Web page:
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Learning about Democracy in Africa: Awareness, Performance, and Experience

Authors


  • The surveys on which this article is based were generously supported by the United States Agency for International Development, the Swedish International Development Agency, the Danish Governance Fund at the World Bank, and the United States National Science Foundation. The authors would like to thank the anonymous reviewers of the American Journal of Political Science as well as Etannibi Alemika, Russell Dalton, David Featherman, Steve Finkel, James Gibson, Paul Graham, E. Gyimah-Boadi, Evan Lieberman, William Mishler, Pippa Norris, Jeremy Seekings, Doh C. Shin, Steve Snook, Sheryl Stumbras, and Jan Terrel for valuable comments on earlier versions of this article.

Robert Mattes is professor of political studies, University of Cape Town, Centre for Social Science Research, Robert Leslie Social Science Building, Private Bag, Rondebosch 7701, South Africa (rmattes@cssr.uct.ac.za). Michael Bratton is professor of political science, Michigan State University, 303 S. Kedzie Hall, East Lansing, MI 48824-1032 (mbratton@msu.edu).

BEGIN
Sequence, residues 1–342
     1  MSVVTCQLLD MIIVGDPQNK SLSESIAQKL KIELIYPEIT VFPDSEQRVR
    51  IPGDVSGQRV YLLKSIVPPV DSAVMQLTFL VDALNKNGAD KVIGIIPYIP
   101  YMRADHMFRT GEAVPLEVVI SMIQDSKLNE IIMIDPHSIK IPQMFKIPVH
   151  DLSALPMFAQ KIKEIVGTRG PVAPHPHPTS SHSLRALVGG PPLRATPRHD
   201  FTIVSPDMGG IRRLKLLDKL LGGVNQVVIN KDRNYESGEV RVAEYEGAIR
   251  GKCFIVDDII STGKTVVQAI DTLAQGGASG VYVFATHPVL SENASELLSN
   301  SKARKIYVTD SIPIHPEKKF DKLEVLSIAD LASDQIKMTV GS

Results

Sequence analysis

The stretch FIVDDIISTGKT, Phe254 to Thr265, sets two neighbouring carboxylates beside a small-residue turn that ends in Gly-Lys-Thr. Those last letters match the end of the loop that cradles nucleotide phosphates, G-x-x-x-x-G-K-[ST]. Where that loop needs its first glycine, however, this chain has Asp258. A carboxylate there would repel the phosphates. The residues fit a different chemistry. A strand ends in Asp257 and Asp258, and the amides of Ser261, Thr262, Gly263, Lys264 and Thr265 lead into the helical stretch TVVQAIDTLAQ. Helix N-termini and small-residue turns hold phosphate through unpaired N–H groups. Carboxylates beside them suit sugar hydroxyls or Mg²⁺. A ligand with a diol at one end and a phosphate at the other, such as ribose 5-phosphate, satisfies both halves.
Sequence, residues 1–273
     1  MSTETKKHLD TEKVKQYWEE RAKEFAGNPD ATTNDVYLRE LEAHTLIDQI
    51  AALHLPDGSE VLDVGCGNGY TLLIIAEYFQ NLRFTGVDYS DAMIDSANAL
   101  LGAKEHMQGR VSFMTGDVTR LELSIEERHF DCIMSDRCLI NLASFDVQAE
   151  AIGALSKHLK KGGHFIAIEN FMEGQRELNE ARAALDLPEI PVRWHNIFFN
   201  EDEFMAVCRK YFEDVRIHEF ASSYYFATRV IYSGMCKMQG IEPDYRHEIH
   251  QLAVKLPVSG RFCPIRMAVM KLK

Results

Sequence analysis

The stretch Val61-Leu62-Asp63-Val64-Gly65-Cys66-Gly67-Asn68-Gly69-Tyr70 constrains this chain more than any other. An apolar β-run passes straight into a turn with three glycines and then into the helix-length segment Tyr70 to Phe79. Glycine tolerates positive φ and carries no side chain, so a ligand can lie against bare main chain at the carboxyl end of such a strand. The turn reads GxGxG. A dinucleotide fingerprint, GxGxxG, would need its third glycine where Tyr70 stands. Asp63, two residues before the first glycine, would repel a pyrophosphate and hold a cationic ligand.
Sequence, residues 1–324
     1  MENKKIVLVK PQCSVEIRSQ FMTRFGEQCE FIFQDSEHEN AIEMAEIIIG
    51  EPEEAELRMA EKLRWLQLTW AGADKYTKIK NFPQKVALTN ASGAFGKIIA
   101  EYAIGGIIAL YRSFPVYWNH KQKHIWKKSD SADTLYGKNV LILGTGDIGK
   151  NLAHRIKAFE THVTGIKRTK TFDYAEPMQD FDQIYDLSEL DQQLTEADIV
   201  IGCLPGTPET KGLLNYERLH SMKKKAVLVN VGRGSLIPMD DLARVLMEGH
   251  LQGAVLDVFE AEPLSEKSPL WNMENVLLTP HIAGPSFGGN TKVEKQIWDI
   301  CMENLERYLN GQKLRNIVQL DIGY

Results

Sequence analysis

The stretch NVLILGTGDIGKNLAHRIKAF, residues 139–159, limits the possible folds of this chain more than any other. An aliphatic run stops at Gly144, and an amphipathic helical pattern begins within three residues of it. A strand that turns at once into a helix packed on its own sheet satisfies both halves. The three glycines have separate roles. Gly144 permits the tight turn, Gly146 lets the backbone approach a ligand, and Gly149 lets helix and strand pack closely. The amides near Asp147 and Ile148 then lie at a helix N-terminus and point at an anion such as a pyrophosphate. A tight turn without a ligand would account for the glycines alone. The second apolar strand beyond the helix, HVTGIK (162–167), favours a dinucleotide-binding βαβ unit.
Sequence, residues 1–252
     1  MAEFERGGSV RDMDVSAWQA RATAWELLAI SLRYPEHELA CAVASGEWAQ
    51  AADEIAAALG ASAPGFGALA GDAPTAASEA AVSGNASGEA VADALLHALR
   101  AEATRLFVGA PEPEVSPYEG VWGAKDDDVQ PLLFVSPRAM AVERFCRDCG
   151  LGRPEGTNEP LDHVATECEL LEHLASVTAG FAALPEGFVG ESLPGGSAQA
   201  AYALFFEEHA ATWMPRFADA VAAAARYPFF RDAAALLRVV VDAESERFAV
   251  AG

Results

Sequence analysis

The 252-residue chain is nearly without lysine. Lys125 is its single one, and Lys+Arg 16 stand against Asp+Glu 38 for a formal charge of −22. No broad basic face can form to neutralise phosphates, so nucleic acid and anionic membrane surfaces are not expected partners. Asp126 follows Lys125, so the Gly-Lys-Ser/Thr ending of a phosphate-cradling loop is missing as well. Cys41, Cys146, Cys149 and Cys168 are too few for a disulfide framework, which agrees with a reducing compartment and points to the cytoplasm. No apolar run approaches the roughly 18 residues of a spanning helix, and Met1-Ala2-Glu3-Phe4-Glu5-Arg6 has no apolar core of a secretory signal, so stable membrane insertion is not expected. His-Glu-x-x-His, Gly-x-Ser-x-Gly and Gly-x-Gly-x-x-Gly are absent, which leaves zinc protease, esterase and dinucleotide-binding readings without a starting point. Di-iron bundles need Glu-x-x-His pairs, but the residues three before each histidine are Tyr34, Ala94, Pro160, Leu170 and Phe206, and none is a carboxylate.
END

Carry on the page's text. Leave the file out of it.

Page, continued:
Abstract

Conventional views of African politics imply that Africans' political opinions are based either on enduring cultural values or their positions in the social structure. In contrast, we argue that Africans form attitudes to democracy based upon what they learn about what it is and does. This learning hypothesis is tested against competing cultural, institutional, and structural theories to explain citizens' demand for democracy (legitimation) and their perceived supply of democracy (institutionalization) with data from 12 Afrobarometer attitude surveys conducted between 1999 and 2001. A multilevel model that specifies and estimates the impacts of both individual- and national-level factors provides evidence of learning from three different sources. First, people learn about the content of democracy through cognitive awareness of public affairs. Second, people learn about the consequences of democracy through direct experience of the performance of governments and (to a lesser extent) the economy. Finally, people draw lessons about democracy from national political legacies.

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